This is the estimated average depth of the water in a lake -- measured at the lake's normal elevation. If the water volume and surface area of a lake are known, an estimate of the lake's average depth can be calculated:

Water volume ÷ Surface Area = Average Depth

Example: 1,000,000 acre-feet ÷ 20,000 acres = 50 feet average depth


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Maximum Elevation | LakeLubbers

This is a lake's highest water level, measured by the lake's surface distance above sea level, that can occur during flooding. A lake's highest possible maximum elevation is usually the top of the lake's dam or spillway.

At lakes that include residential development, government regulations usually forbid the construction of homes below a lake's maximum elevation.


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Minimum Elevation | LakeLubbers

This is a lake's lowest water level, measured by the lake's surface distance above sea level, that can be reasonably expected to occur. Low lake levels can occur due to deliberate seasonal draw downs for irrigation or impending snow melt, reduced water inflows, drought and evaporation, residential or commercial water demands, and hydropower generation.

Some lakes' minimum and maximum elevations are virtually the same. Lakes that generate hydropower may vary by several feet - according to power demand. Lakes whose primary purpose is to prevent flooding can seasonally vary by 100 feet or more.

When some lakes reach their minimum elevation, their boat ramps may not be long enough to permit boat access - and boats docked on shallow parts of the lake may end up on dry ground. In those cases, kayakers and shore-based anglers may be among the few happy recreational users of the lake.


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Normal Elevation | LakeLubbers

This is a lake's normal water level, measured by the lake's surface distance above sea level. For a reservoir, this water level is also known as "full pond" or "full pool".

You can find many of the world's highest-elevated lakes on LakeLubbers. Lakes with the lowest elevations (known by LakeLubbers) are shown on the final page of that list.


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Shoreline Length | LakeLubbers

This is the length of the exterior shoreline around a lake - measured at the lake's normal elevation. The shoreline length can be considerably shorter or longer when lake water levels are lower or higher than normal.

A lake with many coves has a much longer shoreline than a lake of similar surface area that is nearly circular in shape.

When known, the shoreline miles that we report in our statistics include only the lake's exterior shoreline, and exclude the shorelines of islands located within a lake's boundaries. In lakes with many islands, those islands' combined shorelines may exceed a lake's exterior shoreline.

You can find many of the world's longest-shoreline lakes on Lakelubbers.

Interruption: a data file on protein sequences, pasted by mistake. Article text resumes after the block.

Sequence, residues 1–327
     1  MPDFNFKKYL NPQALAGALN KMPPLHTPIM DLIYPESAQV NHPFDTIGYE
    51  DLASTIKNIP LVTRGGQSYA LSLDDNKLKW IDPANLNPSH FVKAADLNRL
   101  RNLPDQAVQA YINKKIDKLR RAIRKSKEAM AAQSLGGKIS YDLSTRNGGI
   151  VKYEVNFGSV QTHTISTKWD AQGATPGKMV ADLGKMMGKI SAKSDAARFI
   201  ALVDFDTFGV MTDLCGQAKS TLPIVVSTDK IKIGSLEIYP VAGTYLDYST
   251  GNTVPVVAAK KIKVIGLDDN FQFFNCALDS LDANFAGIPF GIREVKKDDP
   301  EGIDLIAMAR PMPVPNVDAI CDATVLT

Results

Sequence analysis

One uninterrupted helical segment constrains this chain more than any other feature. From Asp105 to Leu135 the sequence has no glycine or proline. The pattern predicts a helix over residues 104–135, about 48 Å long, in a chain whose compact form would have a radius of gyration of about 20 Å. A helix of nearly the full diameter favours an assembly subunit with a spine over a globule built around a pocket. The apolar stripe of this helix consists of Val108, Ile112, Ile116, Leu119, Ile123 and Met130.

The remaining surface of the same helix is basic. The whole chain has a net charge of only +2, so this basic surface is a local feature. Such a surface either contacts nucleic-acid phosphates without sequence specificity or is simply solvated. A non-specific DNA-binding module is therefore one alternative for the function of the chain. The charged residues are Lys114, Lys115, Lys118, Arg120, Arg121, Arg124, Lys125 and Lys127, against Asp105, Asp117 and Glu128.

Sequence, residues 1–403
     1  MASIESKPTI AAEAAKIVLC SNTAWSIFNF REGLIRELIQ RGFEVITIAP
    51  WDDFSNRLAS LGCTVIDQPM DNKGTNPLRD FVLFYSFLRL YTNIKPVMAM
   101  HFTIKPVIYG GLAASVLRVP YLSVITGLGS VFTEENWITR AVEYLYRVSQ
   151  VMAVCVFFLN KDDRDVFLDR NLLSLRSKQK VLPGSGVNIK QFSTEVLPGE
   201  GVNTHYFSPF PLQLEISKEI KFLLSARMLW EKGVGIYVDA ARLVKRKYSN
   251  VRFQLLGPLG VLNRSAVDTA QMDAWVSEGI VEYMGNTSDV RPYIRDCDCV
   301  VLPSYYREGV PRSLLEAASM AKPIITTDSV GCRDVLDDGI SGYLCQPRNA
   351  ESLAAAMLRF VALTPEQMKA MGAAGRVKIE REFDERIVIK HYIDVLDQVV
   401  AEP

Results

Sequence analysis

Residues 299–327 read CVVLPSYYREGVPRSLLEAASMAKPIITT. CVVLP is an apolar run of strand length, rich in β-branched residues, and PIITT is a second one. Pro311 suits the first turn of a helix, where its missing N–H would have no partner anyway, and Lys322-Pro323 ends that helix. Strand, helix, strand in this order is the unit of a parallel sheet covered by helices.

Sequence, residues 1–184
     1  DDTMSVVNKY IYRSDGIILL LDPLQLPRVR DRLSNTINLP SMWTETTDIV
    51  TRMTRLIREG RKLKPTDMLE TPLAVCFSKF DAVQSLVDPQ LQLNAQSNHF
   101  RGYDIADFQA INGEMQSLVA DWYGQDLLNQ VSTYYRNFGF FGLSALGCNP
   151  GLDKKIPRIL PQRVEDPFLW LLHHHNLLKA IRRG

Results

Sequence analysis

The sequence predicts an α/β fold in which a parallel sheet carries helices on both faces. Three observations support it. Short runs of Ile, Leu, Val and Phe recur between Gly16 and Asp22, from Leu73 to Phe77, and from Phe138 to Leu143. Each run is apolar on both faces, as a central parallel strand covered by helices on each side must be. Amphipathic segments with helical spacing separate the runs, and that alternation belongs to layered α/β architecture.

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Surface Area | LakeLubbers

This is the area (acreage, square kilometers, etc.) of the top surface area of a lake - measured at a lake's normal elevation. The surface area can be considerably smaller or larger when lake levels are lower or higher than normal. North America's Lake Superior is the world's largest freshwater lake by this measure.

The other measure of a lake's size is the lake's water volume. By that measure, the world's largest freshwater lake is Lake Baikal in Siberia.

You can find many of the world's largest lakes (acres) on Lakelubbers. There is no widely-accepted minimum surface area that defines a lake. What Lakelubbers describes as a lake, you might call a pond. The smallest lake that Lakelubbers currently includes is Hawaii's 2-acre Lake Waiau.


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Water Level Control | LakeLubbers

This is the organization that controls water releases or outflows from the lake or reservoir. In the USA, this is often the US Army Corps of Engineers, a power company, a municipal water system, an irrigation district, or a paper manufacturing company. In the case of private or gated lakes, a homeowners' association may be the lake's controlling authority.

Many lakes cross borders, including North America's Great Lakes. The control of such lakes and their coveted freshwater may be amicably shared - or hotly disputed.

"Water wars" continue at many lakes as growing populations and crop irrigation needs compete for the freshwater that lakes contain.


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Lake Type | LakeLubbers

There are 3 basic types of lakes that are currently included on LakeLubbers. 2 types may be dammed or not dammed, producing 5 classifications.

- A Reservoir is a man-made freshwater lake that is usually created by damming rivers.

- A Natural Freshwater Lake occurs naturally - often by glacial activity - and has a salinity of less than 30 parts per thousand. It may be dammed to produce electricity or for other reasons.

- A Natural Saltwater Lake occurs naturally and has a salinity of more than 30 parts per thousand (ppt). It may be dammed.

"Brackish" water may be categorized as freshwater or saltwater, depending on its salt content (salinity). Oligohaline water has less than 15 ppt of salt. Mesohaline water has 15-29 ppt. Polyhaline has 30-335 ppt.